In the street that I grew up on I often encountered a fictional representation of the real as for five years the police drama The Sweeney was regularly filmed on this and the surrounding streets, wastelands, and in the still existing bomb-sites that dotted this part of West London in the 1970s. On both sides of this street there lived, I presume unknown to the actors and film and lighting crew making their episodes, real police officers and their families in two non-descript post war apartment blocks that ran the whole length of the road. Police and military families inhabit a class of their own, a disciplinary class so to speak. Many were real life detectives and some were in the very real Flying Squad that the program was based upon. I remember looking down on one occasion from my vantage point four floors above at a white van that was noisily revving its engine so that the tires would spin, screeching and producing smoke from burnt rubber on tarmac. Eventually it would tear down the street as it was filmed by cameras loaded with 16mm film-stock which produced in the series a gritty and realistic aesthetic. Over and over again the van sped down the street, repeating the scene until the crew were ready to capture their takes. Later in the year the program would be broadcast and we would eagerly await the scenes that we had witnessed being filmed and in the school-yard the next day some of those scenes would be reenacted again, such was the popularity of the show.

In much of my work I am interested in scenarios of rehearsal and how this relates to both security and insecurity. In the summer of 2001 I photographed Summer Camp at a secret training camp in Eastern Europe that was part of the private military and protection industry. The organisation behind the training was responsible for training an international group of freelance security personnel from whose ranks those who went on to be involved with the wars in Afghanistan and Iraq and the war on terror came from. From the mid 1990's the project Insecurity examined the global phenomenon of privatised global security, utilising this modern hyper-industry as a metaphor for analysing global insecurity. Kill House is a photographic navigation through a US based military structure used for the training of private military personnel prior to deployment to domestic and foreign conflicts. Super Border is a series of photographs taken along the route of the then newly opened 300 million euro External Integrated Vigilance System on the southern Andalucian coast in Spain. The inspiration for Bomblast are the safety protection curtains that are installed in many government departments in the wake of the IRA bombings in London in the 1980's and 1990's and whose continued installation in those spaces reflects the ongoing threat of major terrorist attack in London.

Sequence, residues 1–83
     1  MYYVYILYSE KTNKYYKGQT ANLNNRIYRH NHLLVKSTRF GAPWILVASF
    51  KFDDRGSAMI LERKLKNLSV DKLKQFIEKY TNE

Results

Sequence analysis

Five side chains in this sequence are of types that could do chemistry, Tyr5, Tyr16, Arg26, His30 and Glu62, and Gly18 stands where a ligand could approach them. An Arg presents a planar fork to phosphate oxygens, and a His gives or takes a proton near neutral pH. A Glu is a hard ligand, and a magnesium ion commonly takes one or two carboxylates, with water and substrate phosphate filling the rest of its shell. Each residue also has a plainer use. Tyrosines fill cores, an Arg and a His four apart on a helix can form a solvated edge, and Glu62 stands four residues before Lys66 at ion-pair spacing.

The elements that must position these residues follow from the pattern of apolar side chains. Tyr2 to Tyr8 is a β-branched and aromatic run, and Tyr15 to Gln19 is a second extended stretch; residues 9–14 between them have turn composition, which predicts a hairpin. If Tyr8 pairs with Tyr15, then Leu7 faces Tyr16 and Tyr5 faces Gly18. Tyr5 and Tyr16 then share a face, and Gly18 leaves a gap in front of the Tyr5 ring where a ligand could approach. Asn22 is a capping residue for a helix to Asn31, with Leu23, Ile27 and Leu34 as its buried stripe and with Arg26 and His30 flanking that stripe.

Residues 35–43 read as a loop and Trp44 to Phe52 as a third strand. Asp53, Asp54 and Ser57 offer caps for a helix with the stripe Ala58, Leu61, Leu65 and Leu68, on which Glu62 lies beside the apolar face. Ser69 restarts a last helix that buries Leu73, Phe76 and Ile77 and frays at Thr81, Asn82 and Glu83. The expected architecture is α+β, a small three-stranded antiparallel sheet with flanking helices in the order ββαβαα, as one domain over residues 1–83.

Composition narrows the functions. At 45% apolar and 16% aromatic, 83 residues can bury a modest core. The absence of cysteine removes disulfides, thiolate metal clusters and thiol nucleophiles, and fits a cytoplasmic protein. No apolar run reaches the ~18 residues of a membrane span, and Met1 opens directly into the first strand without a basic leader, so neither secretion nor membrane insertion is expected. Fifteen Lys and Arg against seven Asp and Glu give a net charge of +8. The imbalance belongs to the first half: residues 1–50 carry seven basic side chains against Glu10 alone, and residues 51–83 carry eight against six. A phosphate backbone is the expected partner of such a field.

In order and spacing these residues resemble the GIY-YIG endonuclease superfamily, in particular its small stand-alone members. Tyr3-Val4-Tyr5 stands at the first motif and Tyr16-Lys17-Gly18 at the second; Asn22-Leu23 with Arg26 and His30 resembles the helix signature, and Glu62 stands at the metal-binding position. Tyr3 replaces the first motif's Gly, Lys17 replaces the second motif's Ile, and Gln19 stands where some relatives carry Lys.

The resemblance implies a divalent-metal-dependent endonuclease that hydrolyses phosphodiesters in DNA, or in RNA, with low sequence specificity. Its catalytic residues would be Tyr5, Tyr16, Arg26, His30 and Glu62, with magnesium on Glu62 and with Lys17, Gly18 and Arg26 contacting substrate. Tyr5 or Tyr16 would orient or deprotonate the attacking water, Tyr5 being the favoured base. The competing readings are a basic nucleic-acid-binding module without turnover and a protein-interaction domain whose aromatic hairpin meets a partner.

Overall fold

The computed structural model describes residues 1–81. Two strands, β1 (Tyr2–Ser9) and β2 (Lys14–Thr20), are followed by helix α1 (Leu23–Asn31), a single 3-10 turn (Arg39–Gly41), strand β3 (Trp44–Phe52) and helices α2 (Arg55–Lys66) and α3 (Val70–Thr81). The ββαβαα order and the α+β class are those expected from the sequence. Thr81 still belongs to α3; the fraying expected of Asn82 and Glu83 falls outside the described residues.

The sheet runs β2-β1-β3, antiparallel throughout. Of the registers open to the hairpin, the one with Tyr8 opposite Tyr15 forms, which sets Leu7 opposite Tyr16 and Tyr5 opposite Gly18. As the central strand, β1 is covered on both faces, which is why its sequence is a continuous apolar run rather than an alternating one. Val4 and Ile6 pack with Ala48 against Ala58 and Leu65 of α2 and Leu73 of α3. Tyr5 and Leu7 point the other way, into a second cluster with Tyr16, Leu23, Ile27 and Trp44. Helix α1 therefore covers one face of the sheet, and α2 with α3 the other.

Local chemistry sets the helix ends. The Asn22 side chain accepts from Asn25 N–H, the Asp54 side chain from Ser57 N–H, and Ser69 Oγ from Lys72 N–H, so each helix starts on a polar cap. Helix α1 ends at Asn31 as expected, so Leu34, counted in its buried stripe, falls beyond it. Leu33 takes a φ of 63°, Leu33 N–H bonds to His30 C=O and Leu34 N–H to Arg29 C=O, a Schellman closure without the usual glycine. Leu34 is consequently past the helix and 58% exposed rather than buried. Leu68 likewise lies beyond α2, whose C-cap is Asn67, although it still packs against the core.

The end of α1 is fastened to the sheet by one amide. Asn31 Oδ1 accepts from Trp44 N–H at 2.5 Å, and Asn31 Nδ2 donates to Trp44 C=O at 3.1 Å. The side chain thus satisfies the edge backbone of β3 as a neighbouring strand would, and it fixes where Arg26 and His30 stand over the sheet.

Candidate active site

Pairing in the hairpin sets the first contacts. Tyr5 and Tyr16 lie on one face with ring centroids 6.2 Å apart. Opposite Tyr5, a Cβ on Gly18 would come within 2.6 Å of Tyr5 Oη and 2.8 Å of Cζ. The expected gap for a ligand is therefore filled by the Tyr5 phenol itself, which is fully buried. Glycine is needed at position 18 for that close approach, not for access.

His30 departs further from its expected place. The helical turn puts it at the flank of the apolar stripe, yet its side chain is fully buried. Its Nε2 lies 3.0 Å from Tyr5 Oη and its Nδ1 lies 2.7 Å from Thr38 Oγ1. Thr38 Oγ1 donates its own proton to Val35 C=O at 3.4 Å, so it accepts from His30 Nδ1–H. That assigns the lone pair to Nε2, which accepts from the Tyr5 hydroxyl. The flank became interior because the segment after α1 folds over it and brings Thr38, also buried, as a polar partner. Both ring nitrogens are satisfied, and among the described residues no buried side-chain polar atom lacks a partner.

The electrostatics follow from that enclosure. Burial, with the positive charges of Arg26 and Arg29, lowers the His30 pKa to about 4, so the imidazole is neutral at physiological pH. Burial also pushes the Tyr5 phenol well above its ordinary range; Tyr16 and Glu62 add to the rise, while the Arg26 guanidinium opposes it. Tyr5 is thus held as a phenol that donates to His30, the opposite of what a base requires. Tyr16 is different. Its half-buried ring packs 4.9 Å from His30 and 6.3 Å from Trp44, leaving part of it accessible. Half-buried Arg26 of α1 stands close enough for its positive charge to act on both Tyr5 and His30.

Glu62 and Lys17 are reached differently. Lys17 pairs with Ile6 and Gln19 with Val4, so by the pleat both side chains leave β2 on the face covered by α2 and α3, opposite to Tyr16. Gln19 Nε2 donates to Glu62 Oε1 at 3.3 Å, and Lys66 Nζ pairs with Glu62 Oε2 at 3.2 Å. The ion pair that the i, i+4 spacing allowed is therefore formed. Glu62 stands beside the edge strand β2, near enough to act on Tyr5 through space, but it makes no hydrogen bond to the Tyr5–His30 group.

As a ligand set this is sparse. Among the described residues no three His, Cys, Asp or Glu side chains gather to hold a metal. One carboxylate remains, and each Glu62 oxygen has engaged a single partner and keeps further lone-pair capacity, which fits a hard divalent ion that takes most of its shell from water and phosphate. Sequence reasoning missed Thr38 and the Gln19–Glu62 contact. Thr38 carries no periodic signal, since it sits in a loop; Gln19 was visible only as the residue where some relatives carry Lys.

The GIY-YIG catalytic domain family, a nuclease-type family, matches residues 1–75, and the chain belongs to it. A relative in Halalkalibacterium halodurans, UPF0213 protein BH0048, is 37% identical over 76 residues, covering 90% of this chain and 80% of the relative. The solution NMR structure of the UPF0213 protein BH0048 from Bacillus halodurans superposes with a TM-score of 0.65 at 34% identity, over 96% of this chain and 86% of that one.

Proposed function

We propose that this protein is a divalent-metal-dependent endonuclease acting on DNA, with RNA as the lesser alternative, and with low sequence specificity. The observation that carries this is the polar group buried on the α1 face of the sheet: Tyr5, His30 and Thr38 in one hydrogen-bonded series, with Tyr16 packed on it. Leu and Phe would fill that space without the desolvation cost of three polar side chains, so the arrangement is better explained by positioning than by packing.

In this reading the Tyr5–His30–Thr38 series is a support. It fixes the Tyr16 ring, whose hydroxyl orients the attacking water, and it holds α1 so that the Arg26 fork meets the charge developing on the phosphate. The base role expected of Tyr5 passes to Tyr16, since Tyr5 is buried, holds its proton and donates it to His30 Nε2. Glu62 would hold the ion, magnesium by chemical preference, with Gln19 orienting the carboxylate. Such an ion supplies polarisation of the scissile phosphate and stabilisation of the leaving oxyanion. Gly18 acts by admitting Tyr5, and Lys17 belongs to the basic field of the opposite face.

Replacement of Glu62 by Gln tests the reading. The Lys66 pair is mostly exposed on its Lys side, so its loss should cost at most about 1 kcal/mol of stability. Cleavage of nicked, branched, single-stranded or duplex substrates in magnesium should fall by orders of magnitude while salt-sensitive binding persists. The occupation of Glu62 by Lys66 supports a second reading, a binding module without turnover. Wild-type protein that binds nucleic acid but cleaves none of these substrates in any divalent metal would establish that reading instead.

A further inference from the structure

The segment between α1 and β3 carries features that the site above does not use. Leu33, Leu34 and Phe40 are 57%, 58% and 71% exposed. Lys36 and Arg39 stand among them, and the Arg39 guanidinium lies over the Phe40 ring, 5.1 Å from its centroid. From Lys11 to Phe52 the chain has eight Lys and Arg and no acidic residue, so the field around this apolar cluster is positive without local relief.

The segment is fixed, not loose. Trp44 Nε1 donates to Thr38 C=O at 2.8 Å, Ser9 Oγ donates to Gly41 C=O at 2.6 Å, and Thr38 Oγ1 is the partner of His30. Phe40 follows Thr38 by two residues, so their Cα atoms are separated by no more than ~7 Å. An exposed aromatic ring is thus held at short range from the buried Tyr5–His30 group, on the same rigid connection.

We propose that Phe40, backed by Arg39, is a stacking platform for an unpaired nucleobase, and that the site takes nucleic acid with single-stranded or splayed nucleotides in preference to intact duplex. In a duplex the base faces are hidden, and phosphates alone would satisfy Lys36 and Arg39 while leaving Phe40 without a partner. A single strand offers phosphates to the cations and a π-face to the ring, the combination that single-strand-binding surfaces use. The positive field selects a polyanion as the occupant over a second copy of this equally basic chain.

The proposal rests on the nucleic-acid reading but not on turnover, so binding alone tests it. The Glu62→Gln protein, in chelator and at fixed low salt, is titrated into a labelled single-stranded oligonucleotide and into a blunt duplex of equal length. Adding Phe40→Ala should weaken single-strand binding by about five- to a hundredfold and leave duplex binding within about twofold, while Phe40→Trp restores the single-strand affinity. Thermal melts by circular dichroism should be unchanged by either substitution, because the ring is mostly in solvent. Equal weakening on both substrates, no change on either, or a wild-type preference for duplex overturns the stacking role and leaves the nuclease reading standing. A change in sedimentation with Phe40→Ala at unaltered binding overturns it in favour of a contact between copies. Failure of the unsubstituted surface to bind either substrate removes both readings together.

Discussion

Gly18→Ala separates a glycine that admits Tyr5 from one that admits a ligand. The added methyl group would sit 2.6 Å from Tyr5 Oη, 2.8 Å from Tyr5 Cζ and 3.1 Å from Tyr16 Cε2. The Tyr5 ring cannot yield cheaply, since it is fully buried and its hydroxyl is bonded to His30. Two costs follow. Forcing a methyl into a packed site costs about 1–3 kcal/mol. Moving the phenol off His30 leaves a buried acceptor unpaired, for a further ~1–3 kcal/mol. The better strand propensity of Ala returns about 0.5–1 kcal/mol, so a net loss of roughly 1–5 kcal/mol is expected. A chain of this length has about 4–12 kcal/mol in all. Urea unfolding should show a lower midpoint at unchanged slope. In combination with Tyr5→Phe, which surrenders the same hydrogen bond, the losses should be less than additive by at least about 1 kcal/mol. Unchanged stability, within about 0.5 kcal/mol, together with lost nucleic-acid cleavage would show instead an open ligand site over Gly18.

I studied photography at West Surrey College of Art & Design at Farnham and completed my MA at the Royal College of Art in London and a PhD in the Faculty of Art & Design at the University of New South Wales in Sydney.

I have exhibited widely including at the Whitechapel Gallery in London, the Sainsbury Centre for Visual Art in Norwich, The National Museum of Photography, Film & Television in Bradford, Open Eye in Liverpool and Fotomuseum in Winterthur, Switzerland. Since 1999 I have been represented by the London gallery Gimpel Fils and have work  held in public and private collections including the permanent collection of the Victoria and Albert Museum in London and the Martin Z. Margulies collection in Miami. My work is featured in published surveys including the Thames and Hudson World of Art series The Photograph as Contemporary Art, 100 European Photographers, EXIT, Madrid and the Focal Press publication Langford’s Basic Photography.

My curatorial projects include Staging Disorder, including an accompanying publication (both with Dr. Esther Teichmann) for the University of the Arts London and Infraliminal for Stills Gallery in Edinburgh.

I have been the recipient of awards from the Arts and Humanities Research Council UK, the Arts Council of England and the Australia Council. I am currently Programme Director for Photography at London College of Communication, University of the Arts London and was previously Associate Professor at the Royal Melbourne Institute of Technology and the University of Technology Sydney and was the inaugural Programme Director for Photography, Moving Image & Sound at the University of Brighton.